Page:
As the name implies, tree sitting is a "form of protest which involves sitting in a tree. Until the demands of the tree sitter are met or the tree sitter is forcibly extracted, he or she will be supported by an extensive ground crew." Technically, tree sitting is illegal but it has become a popular form of symbolic protest in the name of standing up to clear cutting and the power of lumber companies.
Perhaps the best-known example of tree sitting came when Julia Butterfly Hill "sat" in a 180-foot tall California Redwood tree for 738 days. From December 10, 1997 to December 18, 1999, Hill lived in the 600-year-old tree she named "Luna" to prevent loggers of the Pacific Lumber Company from cutting it down. Eventually, the company agreed to preserve Luna and all trees within a three-acre buffer zone...and Hill ended her civil disobedience.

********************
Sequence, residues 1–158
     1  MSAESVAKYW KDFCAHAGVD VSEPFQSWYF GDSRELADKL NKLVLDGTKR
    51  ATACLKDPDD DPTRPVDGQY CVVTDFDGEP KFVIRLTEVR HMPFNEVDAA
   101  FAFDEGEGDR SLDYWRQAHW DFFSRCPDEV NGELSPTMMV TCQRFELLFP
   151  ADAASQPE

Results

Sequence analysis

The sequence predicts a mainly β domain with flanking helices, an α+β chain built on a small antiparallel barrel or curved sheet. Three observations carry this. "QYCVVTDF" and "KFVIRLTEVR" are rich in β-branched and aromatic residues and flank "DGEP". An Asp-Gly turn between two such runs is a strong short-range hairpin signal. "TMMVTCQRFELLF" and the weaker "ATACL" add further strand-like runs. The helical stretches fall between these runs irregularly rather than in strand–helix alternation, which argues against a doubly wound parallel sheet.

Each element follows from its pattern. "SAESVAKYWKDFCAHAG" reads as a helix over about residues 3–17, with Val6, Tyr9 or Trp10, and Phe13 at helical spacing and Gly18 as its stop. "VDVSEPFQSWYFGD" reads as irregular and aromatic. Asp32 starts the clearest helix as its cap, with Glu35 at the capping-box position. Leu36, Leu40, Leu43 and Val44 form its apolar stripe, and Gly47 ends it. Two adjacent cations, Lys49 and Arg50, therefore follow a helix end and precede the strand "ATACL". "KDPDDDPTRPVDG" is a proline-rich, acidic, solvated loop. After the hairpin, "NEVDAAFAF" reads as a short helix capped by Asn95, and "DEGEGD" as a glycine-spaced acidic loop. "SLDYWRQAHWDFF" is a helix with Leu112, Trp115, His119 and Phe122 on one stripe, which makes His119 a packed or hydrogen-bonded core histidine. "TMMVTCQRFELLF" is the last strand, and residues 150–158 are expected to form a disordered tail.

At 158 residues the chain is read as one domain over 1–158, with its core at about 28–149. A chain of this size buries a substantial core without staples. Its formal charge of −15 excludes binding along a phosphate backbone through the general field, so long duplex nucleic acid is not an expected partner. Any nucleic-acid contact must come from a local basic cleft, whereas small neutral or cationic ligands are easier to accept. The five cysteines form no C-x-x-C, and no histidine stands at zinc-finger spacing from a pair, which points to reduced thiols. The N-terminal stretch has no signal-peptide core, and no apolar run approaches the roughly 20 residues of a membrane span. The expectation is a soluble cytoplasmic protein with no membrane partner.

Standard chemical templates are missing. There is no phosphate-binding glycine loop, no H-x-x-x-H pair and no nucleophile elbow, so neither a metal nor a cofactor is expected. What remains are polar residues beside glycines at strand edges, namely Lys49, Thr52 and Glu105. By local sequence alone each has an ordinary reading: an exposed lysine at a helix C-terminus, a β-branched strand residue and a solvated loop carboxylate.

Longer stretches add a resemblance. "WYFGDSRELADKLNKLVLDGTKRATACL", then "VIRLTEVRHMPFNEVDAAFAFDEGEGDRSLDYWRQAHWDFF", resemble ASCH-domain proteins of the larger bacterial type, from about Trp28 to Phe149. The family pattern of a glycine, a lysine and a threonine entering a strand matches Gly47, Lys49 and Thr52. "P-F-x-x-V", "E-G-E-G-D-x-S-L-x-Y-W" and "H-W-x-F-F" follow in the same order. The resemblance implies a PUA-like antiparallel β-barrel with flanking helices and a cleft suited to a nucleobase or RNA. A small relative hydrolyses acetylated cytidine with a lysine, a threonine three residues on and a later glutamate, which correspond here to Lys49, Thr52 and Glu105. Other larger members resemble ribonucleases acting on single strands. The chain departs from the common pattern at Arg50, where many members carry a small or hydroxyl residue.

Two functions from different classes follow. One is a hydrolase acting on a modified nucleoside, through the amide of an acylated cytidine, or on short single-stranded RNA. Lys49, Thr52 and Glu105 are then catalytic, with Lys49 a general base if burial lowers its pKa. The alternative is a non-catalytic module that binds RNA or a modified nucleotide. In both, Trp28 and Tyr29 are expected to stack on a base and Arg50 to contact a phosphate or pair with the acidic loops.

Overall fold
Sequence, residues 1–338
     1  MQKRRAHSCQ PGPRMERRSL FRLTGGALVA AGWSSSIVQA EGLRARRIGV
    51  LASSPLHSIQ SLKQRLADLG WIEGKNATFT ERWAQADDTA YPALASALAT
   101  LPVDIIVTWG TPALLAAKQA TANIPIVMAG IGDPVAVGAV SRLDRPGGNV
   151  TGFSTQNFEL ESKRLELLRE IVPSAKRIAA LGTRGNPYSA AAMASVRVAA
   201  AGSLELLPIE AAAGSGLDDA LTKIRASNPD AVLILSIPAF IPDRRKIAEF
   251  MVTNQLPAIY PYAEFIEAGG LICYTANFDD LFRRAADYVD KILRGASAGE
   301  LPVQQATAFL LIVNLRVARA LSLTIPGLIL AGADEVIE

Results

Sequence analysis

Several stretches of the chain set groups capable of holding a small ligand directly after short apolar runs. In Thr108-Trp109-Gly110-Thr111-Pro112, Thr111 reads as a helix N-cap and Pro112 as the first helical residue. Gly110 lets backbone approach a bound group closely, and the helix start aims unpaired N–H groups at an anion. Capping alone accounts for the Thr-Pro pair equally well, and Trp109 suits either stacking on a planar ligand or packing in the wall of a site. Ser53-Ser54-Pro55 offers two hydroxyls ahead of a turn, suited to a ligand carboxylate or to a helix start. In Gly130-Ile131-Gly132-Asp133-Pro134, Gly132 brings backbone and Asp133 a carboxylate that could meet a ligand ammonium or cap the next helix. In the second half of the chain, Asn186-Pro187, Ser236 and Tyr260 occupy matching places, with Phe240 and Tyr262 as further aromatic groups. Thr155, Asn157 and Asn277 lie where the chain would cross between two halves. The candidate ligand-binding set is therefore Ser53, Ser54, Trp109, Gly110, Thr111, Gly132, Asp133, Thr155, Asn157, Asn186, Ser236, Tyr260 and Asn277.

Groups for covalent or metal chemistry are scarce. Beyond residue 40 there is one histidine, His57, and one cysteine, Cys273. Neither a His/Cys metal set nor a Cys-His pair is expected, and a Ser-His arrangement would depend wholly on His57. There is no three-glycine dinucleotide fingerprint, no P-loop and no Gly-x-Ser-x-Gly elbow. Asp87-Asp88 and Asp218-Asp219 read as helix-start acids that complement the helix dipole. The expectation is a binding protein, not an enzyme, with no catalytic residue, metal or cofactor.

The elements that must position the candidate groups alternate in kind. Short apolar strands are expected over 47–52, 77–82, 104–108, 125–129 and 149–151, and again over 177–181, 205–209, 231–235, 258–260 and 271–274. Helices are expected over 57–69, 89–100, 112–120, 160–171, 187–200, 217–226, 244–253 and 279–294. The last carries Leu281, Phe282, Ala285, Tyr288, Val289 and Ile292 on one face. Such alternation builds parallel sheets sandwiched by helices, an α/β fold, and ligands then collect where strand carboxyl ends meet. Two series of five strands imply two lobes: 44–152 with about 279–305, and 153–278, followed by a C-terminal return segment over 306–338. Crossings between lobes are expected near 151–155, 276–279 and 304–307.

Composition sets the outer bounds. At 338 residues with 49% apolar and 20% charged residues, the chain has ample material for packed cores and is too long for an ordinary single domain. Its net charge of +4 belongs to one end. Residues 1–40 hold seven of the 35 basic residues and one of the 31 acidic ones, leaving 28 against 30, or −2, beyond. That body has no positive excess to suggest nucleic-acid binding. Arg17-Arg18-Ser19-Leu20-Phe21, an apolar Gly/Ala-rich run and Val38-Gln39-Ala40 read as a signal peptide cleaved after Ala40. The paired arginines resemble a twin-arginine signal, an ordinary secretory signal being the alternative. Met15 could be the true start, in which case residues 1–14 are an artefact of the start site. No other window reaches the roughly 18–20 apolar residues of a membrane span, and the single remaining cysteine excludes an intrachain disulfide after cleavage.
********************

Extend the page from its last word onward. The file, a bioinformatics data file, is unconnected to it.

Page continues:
Currently, the longest running urban tree-sit continues in Berkeley, California